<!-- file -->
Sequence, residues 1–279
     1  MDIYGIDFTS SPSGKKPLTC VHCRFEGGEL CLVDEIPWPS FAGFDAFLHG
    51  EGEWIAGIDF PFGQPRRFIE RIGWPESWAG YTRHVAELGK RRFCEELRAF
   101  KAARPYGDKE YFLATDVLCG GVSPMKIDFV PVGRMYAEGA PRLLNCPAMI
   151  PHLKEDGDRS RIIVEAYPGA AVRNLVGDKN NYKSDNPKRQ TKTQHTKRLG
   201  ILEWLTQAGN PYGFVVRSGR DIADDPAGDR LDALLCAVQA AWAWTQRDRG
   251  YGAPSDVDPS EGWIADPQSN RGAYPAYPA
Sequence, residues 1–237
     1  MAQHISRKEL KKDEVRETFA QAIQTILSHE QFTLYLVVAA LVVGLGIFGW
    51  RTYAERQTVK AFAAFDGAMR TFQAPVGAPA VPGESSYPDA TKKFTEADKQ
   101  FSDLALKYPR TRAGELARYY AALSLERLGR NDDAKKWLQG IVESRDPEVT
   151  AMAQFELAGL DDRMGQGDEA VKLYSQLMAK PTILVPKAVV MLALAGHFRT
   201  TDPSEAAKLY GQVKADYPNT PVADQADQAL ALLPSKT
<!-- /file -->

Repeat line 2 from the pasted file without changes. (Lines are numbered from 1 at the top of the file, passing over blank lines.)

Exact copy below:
     1  MDIYGIDFTS SPSGKKPLTC VHCRFEGGEL CLVDEIPWPS FAGFDAFLHG